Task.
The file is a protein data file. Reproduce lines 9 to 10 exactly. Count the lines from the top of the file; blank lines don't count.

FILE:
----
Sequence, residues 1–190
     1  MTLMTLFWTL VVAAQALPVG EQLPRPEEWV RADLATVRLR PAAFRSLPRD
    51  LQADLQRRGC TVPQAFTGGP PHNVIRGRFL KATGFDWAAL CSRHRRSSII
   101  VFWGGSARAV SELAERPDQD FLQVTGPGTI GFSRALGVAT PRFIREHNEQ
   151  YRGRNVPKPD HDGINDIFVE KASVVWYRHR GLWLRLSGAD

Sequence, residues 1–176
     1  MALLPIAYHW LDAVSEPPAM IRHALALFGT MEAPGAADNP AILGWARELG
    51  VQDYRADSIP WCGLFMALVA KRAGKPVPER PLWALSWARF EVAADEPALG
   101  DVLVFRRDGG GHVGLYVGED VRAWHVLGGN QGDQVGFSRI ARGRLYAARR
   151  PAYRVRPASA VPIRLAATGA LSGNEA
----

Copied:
   101  DVLVFRRDGG GHVGLYVGED VRAWHVLGGN QGDQVGFSRI ARGRLYAARR
   151  PAYRVRPASA VPIRLAATGA LSGNEA